There’s a Hollywood way of thinking when it comes to franchises and reboots: Give the audience more of the same, but…different. Stick to what fans love about the original property, while also giving them something a little new. The same concept could be translated to personal growth throughout our 20s: We remain the same, but ever-so-slightly change over time. That change comes at the speed of molasses as we resentfully trudge through maturity, much like the women of HBO’s Girls. Season 5 brings some change, sure, but it is mostly more of the same — not that that’s a bad thing.

Listen, if you weren’t sold on Lena Dunham’s series within the first two seasons, Season 5 isn’t going to win you over (and honestly, if you’re still watching, you should just stop; life is too short for hate-watching). The season premiere, “Wedding Day,” has a vague alienating quality, even for the most dedicated Girls viewer. Confined to a country estate for the entire half-hour, the premiere largely splits itself between two rooms: That of the bride (yup, Marnie) and that of the groom (yup, Desi, ugh). Quite a bit of time has obviously passed since Season 4, but Girls isn’t interested in explaining how much time or everything that’s happened since Hannah rejected Adam, Shoshanna took a job in Tokyo and Marnie accepted Desi’s whiny proposal.

For a show that relishes in the tediously emotional and verbose specifics of daily life, Dunham & Co. successfully avoid re-hashing the previous year’s events and falling into expositional traps; it’s not a little less conversation, a little more action, but something like it for this show, anyway. “Wedding Day” smartly focuses on the hours leading up to the titular act, which offers the best possible setting to showcase what’s changed and what hasn’t. Marnie is still as superficial and narcissistic as ever; Hannah is still stubborn and selfish, though she doesn’t seem interested in scheduling the day’s beauty appointments, which indicates at least some progress from her OCD-addled troubles; Shosh remains effervescent; Jessa is still a free-spirited jerk lost in her own orbit around some far-flung planet we’ll never understand; Adam is awkward; Elijah is the absolute best human; Ray is still an old man.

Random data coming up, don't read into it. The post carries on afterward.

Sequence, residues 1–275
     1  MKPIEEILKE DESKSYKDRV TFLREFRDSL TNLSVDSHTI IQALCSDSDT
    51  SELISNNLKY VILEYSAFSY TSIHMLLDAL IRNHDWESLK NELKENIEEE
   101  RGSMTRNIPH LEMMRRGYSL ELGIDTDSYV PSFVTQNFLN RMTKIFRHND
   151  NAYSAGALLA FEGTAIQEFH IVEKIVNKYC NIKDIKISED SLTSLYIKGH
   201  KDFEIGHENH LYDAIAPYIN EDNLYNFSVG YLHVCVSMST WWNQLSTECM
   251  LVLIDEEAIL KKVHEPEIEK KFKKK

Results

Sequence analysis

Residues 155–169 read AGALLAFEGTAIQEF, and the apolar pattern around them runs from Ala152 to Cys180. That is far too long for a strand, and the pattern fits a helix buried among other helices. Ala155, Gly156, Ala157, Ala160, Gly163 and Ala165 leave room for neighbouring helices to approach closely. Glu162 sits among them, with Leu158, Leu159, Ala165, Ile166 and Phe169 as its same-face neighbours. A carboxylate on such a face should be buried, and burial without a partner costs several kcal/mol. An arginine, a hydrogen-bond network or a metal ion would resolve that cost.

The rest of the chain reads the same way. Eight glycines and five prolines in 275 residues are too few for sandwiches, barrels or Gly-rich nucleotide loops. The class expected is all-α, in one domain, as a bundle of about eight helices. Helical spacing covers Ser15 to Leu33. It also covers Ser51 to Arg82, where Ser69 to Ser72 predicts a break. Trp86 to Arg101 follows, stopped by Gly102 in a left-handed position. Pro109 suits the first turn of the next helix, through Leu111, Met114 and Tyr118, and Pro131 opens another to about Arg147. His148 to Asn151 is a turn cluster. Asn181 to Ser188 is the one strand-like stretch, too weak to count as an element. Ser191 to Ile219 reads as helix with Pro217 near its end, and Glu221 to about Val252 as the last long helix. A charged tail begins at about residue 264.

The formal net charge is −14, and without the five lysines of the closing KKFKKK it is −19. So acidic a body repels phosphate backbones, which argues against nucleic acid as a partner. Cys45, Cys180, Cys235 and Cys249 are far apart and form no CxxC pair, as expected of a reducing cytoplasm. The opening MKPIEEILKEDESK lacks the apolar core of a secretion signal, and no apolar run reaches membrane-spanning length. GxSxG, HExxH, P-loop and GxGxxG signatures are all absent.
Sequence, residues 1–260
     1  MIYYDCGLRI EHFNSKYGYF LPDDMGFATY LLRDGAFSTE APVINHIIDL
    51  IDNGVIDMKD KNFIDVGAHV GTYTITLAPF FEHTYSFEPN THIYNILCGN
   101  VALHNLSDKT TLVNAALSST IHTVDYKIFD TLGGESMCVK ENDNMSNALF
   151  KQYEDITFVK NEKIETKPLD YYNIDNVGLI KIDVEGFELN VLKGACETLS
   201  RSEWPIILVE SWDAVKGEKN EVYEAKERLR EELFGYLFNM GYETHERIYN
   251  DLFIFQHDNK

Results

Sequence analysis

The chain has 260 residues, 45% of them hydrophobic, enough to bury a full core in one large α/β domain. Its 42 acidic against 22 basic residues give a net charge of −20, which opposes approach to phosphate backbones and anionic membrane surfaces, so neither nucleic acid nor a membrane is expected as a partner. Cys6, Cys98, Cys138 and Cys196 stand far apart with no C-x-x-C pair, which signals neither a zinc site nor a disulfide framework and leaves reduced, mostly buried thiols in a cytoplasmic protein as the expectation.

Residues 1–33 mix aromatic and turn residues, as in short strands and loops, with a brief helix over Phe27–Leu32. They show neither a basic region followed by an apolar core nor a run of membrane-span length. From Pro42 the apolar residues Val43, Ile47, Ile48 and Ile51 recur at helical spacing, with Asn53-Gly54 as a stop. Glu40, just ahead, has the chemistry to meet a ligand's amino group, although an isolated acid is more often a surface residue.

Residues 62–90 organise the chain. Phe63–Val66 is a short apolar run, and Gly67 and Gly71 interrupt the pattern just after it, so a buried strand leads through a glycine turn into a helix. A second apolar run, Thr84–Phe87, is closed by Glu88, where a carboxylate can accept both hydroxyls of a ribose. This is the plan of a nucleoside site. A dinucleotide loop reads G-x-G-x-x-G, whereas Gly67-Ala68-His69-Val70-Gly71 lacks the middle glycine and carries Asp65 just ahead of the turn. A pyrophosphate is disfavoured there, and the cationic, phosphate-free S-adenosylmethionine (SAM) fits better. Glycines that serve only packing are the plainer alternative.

“Wedding Day” almost feels like watching Girls satirize itself, with Hannah’s tacky amazonian dress readjustment and Jessa making bold declarations about washing her hair in the river and running through a field to let nature dry it for her. After spending a year away from these characters, their re-introduction is almost jarring. The dialogue feels more heightened, and more than ever before these women feel like caricatures of people we used to be or know.

Thankfully, things revert back to the comfort zone (though not quite) by Episode 2, which follows up on the premiere’s most eventful moment — one involving Jessa and Adam. The next few episodes explore a growing but hesitant relationship between the two recovering addicts, whose delightfully odd friendship has proven to be far from mismatched. Against my fangirl protests of anyone macking on Adam besides Hannah, this particular plot is one of the best things about Season 5 so far, offering Jemima Kirke and Adam Driver some of the best, most complex material to date.

Jessa is conflicted about her feelings for Adam because she’s friends with Hannah, but why is she still friends with Hannah? Their friendship has been built around longevity and the idea that they embrace one another’s selfish indulgences and emotional failings, but they’ve long been moving — willfully — in different directions. By Episode 4, Girls addresses a commitment to a friendship that no longer seems beneficial to either party, as Jessa’s refusal to consummate her feelings with Adam translates to resentment toward Hannah — as if Hannah could possibly be grateful for a courtesy that she doesn’t even know about.